Category Archives: PEDIATRICS

NEONATAL RESPIRATORY DISEASES IMAGING

NEONATAL DISEASES IMAGING is very important

Neonatal Respiratory Distress (NRD):

  • RD in the newborn is usually due to one of 4 disease entities:
1.     Respiratory distress syndrome (RDS; hyaline membrane disease, HMD)

2.     Transient tachypnea of the newborn (TTN)

3.     Meconium aspiration

4.     Neonatal pneumonia

The most common complications of RDS are:

  • Pulmonary interstitial emphysema (PIE)
  • Persistent PDA
  • Bronchopulmonary dysplasia (BPD)

Neonatal Respiratory Distress:

Disease Lung Volume Opacities Time Course Complication
RDS:  Low Granular 4-6 days PIE, BPD, PDA
Transient tachypnea: High or normal Linear, streaky* < 48 hours None
Meconium aspiration:  Hyperinflation Coarse, patchy At birth PFC, ECMO
Neonatal pneumonia:  Anything Granular Variable  

*Ground-glass opacity at birth.

ECMO: extracorporeal membrane oxygenation; PFC : persistent fetal circulation;

RDS/ hyaline membrane disease (HMD):

Evolving Terminology:

  • The term hyaline membrane disease is now less commonly used in clinical practice to describe pulmonary surfactant insufficiency in infants.
  • Hyaline membranes are considered a byproduct, not the cause, of respiratory failure in neonates with immature lungs.
  • The term respiratory distress syndrome is currently used to denote surfactant deficiency and should not be used for other causes of respiratory distress.
  • In recognition of the underlying pathogenesis of the disease process, the alternative term surfactant deficiency disorder has been proposed.

Pathogenesis:

  • RDS is caused by surfactant deficiency. Surfactant diminishes surface tension of expanding alveoli. As a result, acinar atelectasis and interstitial edema occur.
  • Hyaline membranes are formed by proteinaceous exudate.
  • Symptoms occur within 2 hours of life.

The incidence of RDS depends on the gestational age at birth:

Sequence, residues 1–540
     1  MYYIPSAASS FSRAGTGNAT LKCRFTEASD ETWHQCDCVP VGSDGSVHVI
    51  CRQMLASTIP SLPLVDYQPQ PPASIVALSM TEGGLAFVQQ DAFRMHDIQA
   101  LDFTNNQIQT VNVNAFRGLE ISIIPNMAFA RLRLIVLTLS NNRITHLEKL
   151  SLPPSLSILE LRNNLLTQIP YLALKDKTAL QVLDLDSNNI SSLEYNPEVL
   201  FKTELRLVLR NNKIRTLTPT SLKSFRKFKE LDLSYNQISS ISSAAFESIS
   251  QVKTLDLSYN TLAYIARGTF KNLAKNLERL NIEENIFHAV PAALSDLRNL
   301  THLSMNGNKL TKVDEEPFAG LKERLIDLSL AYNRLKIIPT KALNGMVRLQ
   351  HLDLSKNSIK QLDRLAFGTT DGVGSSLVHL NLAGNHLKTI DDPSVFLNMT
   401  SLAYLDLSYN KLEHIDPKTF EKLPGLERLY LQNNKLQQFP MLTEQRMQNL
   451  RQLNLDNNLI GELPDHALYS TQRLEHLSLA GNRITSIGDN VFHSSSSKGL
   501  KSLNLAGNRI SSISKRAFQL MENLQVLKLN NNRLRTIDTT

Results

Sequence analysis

Birth at Gestational Age (wk) Incidence (%)
27 50
31 16
34 5
36 1

Radiographic Features:

  • In most cases of RDS, the diagnosis is made clinically but may initially be made radiographically. The role of the radiologist is to assess serial chest films.

CXR signs of premature infants:

  • No subcutaneous fat
  • No humeral ossification center
  • Endotracheal tube present

Any opacity in a premature infant should be regarded as RDS until proven otherwise.

o   Lungs are opaque (ground-glass) or reticulogranular (hallmark).

o   Hypoaeration (atelectasis) leads to low lung volumes à bell-shaped thorax (if not intubated).

o   Bronchograms are often present.

o   Absence of consolidation or pleural effusions

o   In contrast to other causes of RDS in neonates, pleural effusions are uncommon.

o   Treatment with surfactant may result in asymmetric improvement

Treatment complication of RDS:

  • Persistent PDA : signs of congestive heart failure (CHF):
  • The ductus usually closes within 1 to 2 days after birth in response to the high Po2 content.
  • Air-trapping : PIE & acquired lobar emphysema
  • Diffuse opacities (whiteout) may be due to a variety of causes:
  • Atelectasis
  • Progression of RDS
  • Aspiration
  • Pulmonary hemorrhage
  • CHF
  • Superimposed pneumonia

Pulmonary interstitial emphysema (PIE):

  • PIE refers to àaccumulation of interstitial air in peribronchial & perivascular spaces.
  • Most common cause à +ve-pressure ventilation.

Complications:

  • Pneumothorax
  • Pneumomediastinum
  • Pneumopericardium

Radiographic Features:

  • Tortuous linear lucencies radiate outward from the hilar regions.
  • The lucencies extend all the way to the periphery of the lung.
  • Lucencies do not change with respiration.

Bronchopulmonary dysplasia (BPD)

  • Caused by oxygen toxicity & barotrauma of respiratory therapy.
  • BPD is now uncommon in larger & more mature infants (gestational age > 30 weeks or weighing >1200 g at birth).

Definition of BPD & Diagnostic Criteria:

Diagnostic Criterion Gestational Age < 32 wk Gestational Age > 32 wk
Time point of assessment o   36 wk PMA* or

o   discharge to home, whichever comes first;

o   treatment with >21% oxygen for at least 28 days plus

o   >28 days but <56 days postnatal age or

o   Discharge to home, whichever comes first;

o   Treatment with >21% oxygen for at least 28 days plus

Mild BPD o   Breathing room air at 36 wk PMA or

o   discharge, whichever comes first

o   Breathing room air by 56 days postnatal age or

o   discharge, whichever comes first

Moderate BPD o   Need* for <30% oxygen at 36 wk PMA or

o   discharge, whichever comes first

o   Need* for <30% oxygen at 56 days postnatal age or

o   discharge, whichever comes first

Severe BPD o   Need* for ≥30% oxygen and/or positive pressure (PPV* or nasal CPAP) at 36 wk PMA or

o   discharge, whichever comes first

o   Need* for ≥30% oxygen and/or positive pressure (PPV or nasal CPAP) at 56 days postnatal age or

o   discharge, whichever comes first

*Using a physiologic test (pulse oximetry saturation range) to confirm the oxygen requirement.

  • BPD : bronchopulmonary dysplasia.
  • CPAP: continuous positive airway pressure.
  • PMA : postmenstrual age (gestational age at birth plus chronologic age).
  • PPV : positive-pressure ventilation.
  • There are 4 stages in the development; the progression of BPD àthrough all 4 stages is now rarely seen because of the awareness of this disease entity.